Trademark pirates in China

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TEXT OF STORY

TESS VIGELAND: Back in the dot-com heyday domain name squatters forced companies to pay big for the rights to their own names. A few years on, some entrepreneurial Chinese have taken note. They've been registering the trademarks of high-profile Western companies in China. Jocelyn Ford reports on one Chinese businessman who thought he snared the trademark of a big, fat blue chip company.


JOCELYN FORD: Every week China's trademark office publishes a list of logos that it's approved. Recently, the list included a logo familiar to American public TV viewers.

That's the Public Broadcasting System's theme. You may also recall seeing PBS's logo, a pointy-nosed profile? Well, Beijing trademark authorities recently gave a Chinese businessman rights to use it in China on things like t-shirts and hats.

Since PBS is hardly known in this country I wondered what he planned to do with it. So I called the lawyer who handled the registration.

Obviously, Lawyer Hou Songlin had been waiting for a call from a foreigner.

Lawyer Hou said Chinese are clever and know how valuable trademarks are to foreign companies. He wouldn't tell me what he knew about the company that owned the logo, but he was ready to bargain.

HOU SONGLIN (translator): "Tell me how much money the American side can offer for their trademark"

Hou started bidding at a mere $100,000. That would be a nice profit. It only costs a few hundred dollars to register in the first place. It soon went up to $250,000 because he said he might have to grease some palms.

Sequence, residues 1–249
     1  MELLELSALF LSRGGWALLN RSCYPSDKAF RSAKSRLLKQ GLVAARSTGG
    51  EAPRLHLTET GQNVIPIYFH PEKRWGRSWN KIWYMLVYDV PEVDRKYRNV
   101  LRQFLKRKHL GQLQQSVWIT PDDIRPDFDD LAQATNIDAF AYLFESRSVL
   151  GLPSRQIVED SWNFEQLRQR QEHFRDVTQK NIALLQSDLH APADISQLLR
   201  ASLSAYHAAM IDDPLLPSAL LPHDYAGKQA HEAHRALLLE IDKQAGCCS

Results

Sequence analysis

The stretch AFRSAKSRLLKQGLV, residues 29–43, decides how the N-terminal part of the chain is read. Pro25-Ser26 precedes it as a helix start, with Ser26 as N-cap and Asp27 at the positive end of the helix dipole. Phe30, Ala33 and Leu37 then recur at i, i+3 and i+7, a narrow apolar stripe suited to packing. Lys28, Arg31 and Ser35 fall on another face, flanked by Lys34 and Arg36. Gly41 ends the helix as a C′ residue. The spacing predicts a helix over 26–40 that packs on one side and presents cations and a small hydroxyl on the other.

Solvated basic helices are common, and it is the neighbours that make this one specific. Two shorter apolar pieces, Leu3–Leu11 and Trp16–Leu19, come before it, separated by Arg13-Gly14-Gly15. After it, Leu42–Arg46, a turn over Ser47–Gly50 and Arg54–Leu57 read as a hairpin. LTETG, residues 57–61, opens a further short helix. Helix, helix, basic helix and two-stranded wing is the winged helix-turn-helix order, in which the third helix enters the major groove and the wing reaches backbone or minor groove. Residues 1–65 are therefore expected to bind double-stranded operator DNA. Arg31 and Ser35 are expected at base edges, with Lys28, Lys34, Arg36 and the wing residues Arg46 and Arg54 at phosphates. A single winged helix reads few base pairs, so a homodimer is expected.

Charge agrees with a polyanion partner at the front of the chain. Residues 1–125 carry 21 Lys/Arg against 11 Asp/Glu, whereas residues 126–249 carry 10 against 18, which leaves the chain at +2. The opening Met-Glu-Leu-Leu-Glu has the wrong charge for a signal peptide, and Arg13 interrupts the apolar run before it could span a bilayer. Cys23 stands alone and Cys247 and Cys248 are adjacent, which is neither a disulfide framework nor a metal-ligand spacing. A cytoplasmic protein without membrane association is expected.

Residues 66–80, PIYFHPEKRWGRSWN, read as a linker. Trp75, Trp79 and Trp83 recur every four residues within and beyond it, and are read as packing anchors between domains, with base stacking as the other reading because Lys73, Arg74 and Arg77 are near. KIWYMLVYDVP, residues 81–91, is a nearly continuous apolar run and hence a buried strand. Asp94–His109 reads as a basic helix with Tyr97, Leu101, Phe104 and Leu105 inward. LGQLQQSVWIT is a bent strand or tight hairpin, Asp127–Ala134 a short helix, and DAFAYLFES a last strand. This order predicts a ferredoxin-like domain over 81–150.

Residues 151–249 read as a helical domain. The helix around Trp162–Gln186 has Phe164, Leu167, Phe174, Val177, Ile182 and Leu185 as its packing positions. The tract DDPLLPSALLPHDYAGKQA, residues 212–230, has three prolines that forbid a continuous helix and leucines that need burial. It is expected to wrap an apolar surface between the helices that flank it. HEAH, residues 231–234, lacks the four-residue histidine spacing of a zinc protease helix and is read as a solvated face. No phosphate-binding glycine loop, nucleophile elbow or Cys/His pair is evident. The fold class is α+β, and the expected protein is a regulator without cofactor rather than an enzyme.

I called trademark lawyer Joe Simone of Baker & McKenzie to find out how often Chinese register logos that belong to foreign companies.

JOE SIMONE: "Every week there's numerous, obvious examples of piracy. On average we'll find 15 or 20 of companies that we know."

But he says few companies pay ransom. Most lodge a complaint and that can stop the logo from being used in China for as long as eight years.

On the phone, when I reminded Lawyer Hou that according to Chinese law, the American company has until August to challenge the registration He suddenly became confrontational, threatening.

HOU SONGLIN (translator):"It's easy to make Chinese angry. And when we get angry we want revenge. If you file a complaint. I will never sell it to you!"

I told him I'm a reporter, not a company representative, but he didn't seem to get it.

Lawyer Hou wasn't done with me yet. He called me back looking for information.

It turned out he had no idea who the pointy-nosed logo belongs to, or what PBS is. So he didn't know how much his catch was worth. He asked me to tell him the Web site of the owner.

I declined, but he'd probably be disappointed to learn it's PBS, a non-profit organization that's been facing budget cuts from Congress.

In Beijing, I'm Jocelyn Ford for Marketplace.

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